But if banks are not lending, the savings, when they are put in the bank, stay in the bank and don’t get recycled out into the rest of the economy.
This bottleneck chokes off recovery and allows deflation to take hold. Deflation is when prices are falling. This process can become ingrained if after a few years of falling prices, people expect prices to fall, not rise in the future. (See chart two.) This is what happened in Japan from 1990-2010.
Deflation is precisely what the ECB has now moved to fight. But it won’t be easy, because nobody is sure that the latest initiative will work. If it doesn’t work quickly, the ideological sceptics in Germany will force the ECB to abandon the experiment.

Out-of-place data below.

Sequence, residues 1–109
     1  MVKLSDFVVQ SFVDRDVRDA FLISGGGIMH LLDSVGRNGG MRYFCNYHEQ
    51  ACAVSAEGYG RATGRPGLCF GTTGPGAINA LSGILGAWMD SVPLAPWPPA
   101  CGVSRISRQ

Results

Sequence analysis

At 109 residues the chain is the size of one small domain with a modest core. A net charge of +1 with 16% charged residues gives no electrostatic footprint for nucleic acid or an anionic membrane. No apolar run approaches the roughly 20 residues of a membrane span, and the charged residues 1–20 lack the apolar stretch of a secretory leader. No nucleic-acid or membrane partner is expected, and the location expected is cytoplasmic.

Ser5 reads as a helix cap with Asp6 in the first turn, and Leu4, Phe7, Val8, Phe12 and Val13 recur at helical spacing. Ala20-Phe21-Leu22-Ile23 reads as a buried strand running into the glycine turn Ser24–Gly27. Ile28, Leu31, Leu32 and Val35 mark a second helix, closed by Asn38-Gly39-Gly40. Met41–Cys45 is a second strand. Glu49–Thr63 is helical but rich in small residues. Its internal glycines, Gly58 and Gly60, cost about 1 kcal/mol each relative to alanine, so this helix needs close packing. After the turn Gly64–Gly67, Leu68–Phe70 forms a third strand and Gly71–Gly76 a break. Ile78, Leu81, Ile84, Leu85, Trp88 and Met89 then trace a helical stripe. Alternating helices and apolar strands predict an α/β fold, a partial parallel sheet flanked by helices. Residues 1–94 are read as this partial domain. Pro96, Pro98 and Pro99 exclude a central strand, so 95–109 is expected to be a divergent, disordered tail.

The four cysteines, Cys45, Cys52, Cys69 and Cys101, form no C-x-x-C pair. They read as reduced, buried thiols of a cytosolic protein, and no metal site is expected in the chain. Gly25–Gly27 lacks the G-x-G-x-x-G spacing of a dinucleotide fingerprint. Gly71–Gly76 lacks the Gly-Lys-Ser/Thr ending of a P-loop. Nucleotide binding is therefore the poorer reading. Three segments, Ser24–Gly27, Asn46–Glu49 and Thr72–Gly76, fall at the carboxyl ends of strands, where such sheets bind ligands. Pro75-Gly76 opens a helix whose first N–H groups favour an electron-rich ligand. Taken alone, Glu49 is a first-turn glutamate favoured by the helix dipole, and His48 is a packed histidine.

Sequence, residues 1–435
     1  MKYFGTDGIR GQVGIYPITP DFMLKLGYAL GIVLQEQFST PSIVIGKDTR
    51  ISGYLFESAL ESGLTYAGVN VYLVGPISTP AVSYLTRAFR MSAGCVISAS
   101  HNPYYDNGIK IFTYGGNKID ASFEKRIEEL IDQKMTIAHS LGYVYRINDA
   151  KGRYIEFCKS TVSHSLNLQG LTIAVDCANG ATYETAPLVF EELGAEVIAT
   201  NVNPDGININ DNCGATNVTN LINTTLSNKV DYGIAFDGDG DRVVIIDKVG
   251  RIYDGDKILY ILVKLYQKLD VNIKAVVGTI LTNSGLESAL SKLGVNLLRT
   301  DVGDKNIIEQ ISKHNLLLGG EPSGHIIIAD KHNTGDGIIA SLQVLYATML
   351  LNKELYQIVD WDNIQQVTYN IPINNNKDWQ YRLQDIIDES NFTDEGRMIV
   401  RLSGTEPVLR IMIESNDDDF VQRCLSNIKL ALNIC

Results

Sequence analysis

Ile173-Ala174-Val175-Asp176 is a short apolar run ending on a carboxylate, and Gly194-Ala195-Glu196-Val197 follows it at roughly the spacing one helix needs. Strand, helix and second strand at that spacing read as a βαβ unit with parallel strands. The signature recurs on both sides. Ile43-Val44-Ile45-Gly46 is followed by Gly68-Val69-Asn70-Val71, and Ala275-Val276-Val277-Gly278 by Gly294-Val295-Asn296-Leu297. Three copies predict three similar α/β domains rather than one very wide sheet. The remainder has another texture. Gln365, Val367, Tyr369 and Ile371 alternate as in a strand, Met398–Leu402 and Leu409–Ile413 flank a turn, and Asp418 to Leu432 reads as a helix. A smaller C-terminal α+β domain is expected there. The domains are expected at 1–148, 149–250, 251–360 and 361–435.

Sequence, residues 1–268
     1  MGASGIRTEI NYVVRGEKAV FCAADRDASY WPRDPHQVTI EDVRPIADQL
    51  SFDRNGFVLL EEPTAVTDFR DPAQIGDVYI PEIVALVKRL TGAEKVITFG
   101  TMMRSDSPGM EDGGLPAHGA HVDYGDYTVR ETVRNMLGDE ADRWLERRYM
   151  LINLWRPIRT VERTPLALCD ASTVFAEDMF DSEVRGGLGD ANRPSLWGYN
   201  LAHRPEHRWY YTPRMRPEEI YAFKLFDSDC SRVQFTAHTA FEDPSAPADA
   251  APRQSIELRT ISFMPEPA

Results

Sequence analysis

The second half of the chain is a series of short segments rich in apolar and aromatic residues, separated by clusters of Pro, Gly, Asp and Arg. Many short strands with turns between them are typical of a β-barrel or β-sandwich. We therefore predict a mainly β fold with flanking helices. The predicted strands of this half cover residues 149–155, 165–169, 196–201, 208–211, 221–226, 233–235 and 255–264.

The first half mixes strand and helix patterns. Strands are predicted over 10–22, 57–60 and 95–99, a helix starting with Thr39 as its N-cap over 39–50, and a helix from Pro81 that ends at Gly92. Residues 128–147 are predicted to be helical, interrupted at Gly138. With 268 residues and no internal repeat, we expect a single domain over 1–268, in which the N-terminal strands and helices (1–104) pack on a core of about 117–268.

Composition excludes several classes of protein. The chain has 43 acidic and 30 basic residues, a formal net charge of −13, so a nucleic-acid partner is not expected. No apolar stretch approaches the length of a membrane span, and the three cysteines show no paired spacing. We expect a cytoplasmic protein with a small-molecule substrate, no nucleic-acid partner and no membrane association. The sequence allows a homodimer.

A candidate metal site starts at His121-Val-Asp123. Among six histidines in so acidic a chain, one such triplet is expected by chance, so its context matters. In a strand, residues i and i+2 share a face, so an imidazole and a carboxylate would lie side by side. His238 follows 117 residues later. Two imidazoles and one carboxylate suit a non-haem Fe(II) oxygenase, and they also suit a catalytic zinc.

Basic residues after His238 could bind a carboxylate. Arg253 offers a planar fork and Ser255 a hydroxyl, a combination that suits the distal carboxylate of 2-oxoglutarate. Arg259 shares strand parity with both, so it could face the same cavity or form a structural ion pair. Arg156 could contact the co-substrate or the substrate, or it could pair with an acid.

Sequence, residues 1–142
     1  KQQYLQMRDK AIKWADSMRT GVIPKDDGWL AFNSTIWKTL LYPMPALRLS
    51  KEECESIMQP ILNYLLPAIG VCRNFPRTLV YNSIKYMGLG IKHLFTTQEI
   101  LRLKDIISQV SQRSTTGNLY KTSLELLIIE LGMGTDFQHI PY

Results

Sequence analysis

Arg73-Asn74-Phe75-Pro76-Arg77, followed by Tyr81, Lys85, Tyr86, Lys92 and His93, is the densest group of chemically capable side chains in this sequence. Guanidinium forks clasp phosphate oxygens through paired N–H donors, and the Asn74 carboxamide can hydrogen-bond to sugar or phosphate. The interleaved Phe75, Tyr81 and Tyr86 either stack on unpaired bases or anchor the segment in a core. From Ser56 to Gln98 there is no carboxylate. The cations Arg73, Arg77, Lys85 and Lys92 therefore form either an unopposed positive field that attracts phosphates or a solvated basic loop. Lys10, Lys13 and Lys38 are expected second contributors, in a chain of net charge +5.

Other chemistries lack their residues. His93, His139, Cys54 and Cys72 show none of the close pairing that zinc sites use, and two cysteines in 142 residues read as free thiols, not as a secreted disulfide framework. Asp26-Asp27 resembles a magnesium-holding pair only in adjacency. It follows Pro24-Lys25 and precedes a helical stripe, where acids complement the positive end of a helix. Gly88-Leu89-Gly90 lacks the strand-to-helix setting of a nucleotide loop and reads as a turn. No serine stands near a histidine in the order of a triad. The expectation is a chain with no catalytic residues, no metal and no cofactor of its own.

To see why the Germans are not behind ECB president Mario Draghi all you need to do is examine recent history. In fact, the D-Day celebrations this week are a good place to frame this history.
One of the interesting aspects of the defeat of the Nazis was the unbelievable success of the country that emerged from the ashes, namely West Germany. At the core of the Federal Republic was a constitution which protected the citizen’s liberty against the state and a powerful constitutional court in Karlsruhe to police the state on behalf of the citizen. The other institution was one that protected the citizen’s money against the State: the central bank – the Bundesbank in Frankfurt.
From day one, the aim of the Bundesbank was to protect the citizen’s savings from inflation, which had destroyed the German economy in the early 1920s.